Emmanuel recounts “my change happened when I was rescued by a British aid worker called Emma McCune. As a young man I was still bitter. One of the things I had in my mind was if I go to this lady’s country [Kenya], I’m going to learn how to fly a plane & come back & go to war. And because I hated Muslims & Arabs & I wanted to revenge for my family. But when I was in school & I was educated, I was helped. I came to discover people like Nelson Mandela, I came to learn about Martin Luther King, I came to learn about Gandhi.”

Change takes faith & forgiveness (of yourself & others)

“And so these leaders played a big part in my life & also reading the bible as a Christian I’m advised to forgive. The first investment I did for myself was to forgive. When I forgave I was free. So forgiving myself for my past because I was, I was cursing for the things that I’ve done. And then I realized look it wasn’t my fault you know  so I had to  forgive myself & forgive those who have hurt me. So it’s a two way thing.”

“Forgiveness will elevate you to a form of power that you don’t actually know as  a person until you experience it because you become free.”

Change takes attention to scope & loss

Emmanuel raises money to build schools. He figured he’d eat one meal a day to raise money & it would take about a month to raise enough cash to build a school.  It actually took 662 days. Yes, he spent 662 days eating one meal a day. “We put kids that were learning under the trees into classes.”

The lessons around change?  Scope & loss.

He figures change is about loss. “What are you willing to lose to make the world a better place? Somebody got to lose something, we all have to lose something.”  We need to know what we are willing to give up in order to gain.  For him it was eating.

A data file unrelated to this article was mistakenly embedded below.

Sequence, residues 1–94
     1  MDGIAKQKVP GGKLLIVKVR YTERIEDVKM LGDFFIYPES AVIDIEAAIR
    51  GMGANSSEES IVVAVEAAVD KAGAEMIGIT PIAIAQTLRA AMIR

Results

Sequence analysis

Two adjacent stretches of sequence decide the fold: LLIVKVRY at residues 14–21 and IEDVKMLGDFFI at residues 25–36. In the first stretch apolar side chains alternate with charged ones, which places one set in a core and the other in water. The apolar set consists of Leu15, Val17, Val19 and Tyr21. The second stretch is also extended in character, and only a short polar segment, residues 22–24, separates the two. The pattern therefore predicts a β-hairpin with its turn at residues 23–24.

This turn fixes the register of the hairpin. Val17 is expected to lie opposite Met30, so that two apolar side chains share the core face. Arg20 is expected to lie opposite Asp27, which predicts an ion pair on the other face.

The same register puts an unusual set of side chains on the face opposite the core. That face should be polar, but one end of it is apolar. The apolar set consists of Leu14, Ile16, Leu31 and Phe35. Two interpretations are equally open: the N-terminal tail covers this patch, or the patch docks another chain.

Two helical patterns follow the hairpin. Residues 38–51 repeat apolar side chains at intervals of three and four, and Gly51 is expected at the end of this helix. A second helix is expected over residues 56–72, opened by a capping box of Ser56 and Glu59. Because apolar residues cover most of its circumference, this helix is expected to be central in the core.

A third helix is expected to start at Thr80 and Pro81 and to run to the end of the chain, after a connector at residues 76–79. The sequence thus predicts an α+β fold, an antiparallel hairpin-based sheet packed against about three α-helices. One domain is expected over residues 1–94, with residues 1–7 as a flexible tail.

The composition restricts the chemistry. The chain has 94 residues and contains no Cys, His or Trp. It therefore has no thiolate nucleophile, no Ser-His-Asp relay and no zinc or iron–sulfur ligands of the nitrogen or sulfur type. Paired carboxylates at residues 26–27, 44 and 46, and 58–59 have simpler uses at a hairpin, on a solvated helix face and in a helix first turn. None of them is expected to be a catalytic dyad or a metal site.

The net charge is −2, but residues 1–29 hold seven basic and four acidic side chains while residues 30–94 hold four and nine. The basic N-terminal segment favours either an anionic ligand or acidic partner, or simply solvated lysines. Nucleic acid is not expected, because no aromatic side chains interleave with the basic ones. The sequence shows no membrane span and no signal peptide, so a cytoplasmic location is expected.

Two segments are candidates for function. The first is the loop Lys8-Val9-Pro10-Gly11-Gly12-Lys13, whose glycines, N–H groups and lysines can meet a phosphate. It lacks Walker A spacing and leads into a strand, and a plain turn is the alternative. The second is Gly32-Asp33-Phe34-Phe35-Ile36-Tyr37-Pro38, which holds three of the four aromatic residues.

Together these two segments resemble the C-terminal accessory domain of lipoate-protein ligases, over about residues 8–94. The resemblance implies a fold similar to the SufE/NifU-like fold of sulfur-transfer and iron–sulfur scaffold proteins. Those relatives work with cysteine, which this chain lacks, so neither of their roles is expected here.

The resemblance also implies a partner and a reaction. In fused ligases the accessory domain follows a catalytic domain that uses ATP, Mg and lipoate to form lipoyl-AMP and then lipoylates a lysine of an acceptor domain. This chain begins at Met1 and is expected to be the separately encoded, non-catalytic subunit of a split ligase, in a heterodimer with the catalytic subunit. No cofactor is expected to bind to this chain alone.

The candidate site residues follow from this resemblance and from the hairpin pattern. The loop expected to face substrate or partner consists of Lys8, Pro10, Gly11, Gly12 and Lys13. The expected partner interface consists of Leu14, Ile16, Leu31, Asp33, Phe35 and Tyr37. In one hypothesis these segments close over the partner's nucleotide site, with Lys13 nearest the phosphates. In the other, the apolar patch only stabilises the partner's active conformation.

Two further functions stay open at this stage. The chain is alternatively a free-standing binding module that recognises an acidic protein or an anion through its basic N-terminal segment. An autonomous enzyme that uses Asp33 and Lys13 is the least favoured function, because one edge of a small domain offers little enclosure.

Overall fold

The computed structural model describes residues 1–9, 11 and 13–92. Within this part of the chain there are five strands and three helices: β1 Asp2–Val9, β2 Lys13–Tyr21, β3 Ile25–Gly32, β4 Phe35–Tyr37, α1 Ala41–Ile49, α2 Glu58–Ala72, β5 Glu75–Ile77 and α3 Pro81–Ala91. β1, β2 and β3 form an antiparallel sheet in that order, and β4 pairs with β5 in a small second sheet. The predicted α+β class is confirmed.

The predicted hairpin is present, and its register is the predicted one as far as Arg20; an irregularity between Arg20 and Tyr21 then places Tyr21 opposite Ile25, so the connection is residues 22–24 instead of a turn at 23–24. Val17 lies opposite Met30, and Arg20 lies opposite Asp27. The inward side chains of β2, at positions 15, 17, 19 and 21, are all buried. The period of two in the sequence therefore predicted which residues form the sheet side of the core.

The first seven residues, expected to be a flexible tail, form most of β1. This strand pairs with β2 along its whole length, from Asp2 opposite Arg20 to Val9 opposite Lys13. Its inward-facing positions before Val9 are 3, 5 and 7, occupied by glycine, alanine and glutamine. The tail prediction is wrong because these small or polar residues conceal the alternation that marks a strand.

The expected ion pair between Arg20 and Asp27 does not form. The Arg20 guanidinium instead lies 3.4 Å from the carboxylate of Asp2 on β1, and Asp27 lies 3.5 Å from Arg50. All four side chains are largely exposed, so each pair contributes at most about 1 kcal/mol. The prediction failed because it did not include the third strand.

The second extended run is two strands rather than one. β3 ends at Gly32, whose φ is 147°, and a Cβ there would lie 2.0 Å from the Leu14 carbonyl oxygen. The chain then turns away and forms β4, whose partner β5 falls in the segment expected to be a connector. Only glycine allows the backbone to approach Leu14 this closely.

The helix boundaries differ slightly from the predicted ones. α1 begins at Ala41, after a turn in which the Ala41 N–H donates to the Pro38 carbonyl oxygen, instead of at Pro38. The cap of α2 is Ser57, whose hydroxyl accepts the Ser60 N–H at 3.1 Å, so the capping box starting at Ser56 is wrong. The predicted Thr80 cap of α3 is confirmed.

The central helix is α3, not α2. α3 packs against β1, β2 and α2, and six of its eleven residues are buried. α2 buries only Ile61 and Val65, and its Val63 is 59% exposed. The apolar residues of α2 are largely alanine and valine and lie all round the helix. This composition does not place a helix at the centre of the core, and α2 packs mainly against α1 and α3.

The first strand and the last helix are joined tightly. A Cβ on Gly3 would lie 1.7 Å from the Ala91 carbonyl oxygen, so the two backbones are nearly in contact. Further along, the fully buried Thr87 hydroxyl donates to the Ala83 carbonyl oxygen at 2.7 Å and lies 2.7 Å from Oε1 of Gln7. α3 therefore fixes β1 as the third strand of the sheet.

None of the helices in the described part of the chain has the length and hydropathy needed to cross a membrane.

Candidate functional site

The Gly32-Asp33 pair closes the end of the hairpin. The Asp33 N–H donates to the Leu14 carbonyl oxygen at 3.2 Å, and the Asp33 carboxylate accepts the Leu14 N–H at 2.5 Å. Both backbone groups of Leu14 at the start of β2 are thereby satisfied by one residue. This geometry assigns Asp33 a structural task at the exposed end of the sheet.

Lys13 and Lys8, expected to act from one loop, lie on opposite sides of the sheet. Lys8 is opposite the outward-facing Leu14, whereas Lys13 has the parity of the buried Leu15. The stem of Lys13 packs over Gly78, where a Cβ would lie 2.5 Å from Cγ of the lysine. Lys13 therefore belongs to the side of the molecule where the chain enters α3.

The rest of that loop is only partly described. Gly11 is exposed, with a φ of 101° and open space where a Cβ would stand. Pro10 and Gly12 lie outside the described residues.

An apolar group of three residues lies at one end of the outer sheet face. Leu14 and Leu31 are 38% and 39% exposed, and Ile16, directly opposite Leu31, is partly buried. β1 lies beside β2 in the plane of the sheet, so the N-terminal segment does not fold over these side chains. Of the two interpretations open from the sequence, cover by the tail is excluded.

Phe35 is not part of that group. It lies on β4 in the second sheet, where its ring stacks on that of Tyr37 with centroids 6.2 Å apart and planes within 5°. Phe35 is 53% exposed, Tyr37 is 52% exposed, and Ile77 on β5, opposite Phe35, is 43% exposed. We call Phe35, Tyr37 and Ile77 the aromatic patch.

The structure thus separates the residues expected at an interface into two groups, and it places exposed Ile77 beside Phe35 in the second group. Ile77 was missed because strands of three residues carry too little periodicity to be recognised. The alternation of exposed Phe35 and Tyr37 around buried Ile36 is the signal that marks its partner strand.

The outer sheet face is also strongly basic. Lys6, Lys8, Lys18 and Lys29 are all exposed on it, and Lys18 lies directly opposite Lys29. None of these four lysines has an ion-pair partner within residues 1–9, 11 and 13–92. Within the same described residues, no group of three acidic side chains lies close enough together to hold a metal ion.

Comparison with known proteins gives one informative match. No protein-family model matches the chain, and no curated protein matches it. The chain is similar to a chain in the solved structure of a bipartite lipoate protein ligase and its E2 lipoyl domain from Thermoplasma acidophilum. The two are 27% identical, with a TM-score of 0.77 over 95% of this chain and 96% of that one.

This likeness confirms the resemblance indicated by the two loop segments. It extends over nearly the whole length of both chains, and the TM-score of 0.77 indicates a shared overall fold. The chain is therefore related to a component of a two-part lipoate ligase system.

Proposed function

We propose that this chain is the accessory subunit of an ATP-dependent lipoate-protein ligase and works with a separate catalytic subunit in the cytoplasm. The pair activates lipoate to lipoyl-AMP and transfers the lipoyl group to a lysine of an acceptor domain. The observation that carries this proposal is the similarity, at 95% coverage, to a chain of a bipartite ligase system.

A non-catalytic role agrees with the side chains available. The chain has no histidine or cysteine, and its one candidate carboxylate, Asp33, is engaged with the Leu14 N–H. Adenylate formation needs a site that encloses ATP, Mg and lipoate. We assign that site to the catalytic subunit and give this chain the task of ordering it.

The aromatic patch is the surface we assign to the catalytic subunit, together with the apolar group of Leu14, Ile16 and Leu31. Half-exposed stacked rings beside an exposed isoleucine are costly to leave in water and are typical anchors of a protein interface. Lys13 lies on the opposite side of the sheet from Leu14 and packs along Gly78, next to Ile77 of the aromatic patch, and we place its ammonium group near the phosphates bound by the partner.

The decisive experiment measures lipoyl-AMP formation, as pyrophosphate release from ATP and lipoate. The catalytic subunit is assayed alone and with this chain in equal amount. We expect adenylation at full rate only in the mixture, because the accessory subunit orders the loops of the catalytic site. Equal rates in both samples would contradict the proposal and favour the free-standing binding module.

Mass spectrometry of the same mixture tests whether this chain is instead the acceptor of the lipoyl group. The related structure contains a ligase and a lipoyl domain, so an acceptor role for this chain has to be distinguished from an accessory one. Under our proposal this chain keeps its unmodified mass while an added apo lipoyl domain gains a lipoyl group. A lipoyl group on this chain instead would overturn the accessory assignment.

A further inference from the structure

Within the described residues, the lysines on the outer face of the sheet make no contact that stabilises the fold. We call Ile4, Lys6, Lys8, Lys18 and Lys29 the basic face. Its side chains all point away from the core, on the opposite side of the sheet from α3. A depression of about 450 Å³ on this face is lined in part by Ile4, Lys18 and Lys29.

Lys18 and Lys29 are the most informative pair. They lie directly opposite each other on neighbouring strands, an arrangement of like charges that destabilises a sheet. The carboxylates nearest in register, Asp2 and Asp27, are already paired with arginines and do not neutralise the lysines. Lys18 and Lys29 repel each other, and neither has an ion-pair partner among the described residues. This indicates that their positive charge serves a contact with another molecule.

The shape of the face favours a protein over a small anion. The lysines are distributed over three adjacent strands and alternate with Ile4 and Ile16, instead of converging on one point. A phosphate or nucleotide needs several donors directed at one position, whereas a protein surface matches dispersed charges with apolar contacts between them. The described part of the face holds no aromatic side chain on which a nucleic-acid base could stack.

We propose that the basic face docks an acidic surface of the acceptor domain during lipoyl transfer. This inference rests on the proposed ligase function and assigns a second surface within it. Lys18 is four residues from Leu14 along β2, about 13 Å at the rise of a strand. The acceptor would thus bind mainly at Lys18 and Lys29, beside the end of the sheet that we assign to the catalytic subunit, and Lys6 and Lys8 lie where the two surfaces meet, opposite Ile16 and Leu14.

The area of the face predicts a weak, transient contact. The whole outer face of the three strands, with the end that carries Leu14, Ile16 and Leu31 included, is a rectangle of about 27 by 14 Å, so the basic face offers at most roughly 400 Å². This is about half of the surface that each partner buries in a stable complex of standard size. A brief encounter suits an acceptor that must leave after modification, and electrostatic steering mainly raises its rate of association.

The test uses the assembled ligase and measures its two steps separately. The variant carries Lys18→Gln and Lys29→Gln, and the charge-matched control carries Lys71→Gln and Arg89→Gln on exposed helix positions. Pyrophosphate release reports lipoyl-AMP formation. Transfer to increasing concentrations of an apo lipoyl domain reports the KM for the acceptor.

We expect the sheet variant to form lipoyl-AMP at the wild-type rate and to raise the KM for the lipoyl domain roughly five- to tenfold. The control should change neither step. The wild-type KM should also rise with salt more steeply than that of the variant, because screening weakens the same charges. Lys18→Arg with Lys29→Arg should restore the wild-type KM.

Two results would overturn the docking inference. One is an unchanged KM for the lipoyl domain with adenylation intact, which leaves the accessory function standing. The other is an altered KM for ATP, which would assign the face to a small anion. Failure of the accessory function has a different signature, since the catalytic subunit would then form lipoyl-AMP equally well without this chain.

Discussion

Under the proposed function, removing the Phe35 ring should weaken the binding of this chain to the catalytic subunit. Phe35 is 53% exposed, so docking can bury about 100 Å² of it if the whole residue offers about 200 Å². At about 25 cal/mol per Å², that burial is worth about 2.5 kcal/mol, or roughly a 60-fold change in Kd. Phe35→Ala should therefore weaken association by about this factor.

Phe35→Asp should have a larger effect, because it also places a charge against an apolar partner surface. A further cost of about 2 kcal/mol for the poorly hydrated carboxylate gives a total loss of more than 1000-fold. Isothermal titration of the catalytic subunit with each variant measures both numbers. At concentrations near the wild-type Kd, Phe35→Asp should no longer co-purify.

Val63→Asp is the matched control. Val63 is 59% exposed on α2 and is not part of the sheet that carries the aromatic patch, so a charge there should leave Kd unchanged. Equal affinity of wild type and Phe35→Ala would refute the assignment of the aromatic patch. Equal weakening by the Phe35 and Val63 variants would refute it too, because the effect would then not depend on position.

And for the kids he speaks to? “And so I tried it out & I found some kids, some kids say ‘Look I don’t have money but I normally have games in my house… I’m going to lose my PlayStation because that could put another kid in school.’ So kids become so creative. Another says, ‘Okay I’m going to lose at least a chocolate bar a week because that’s like 50 cents.’ 50 cents can feed a family.”

Change is also about scope.

“[With] people & social media giving $1, $2. I’d rather raise $1million from 1million people than a one-off donation from one person.”

How it applies to you & business: effecting change takes nurturing, time, education, faith, forgiveness & attention to scope & loss.  To start, pick 1 or 2 of these elements & see how they apply to a substantive issue you’re trying to effect change in.

5.    On passion

“Passion I have is what keeps me going. You know like for example I want to build a school , I want to build a legacy of Emma McCune who rescued me. I want to give other children a chance to go to school. Sometime when I feel like I want to give up but these things whenever I see or remember they give me so much energy that I want to keep on going.”

How it applies to you & business: what’s the root of your passion?  What keeps you going?  Find your well & draw deep.

6.    On the role of inspiration

“So I don’t need to tell them what to do, all I have to do is inspire them & do something. And when they listen they want to do something.”

How it applies to you & business: inspiration plays a huge role in effecting change.  Draw a direct line between what you’re trying to influence & inspiration.

As our interview wound up I asked Emmanuel if he had any words of advice.  He said “Just look.  Look for those who care. I’m looking for those who care, those who are willing to make a difference.  Those are the people I’m looking for. Those who are fortunate enough, have got a greater responsibility to make this world a better place.”

So get out there.  Find your tribe & effect some change.  Need some inspiration along the way?  Check out, or Emmanuel’s charity for more information.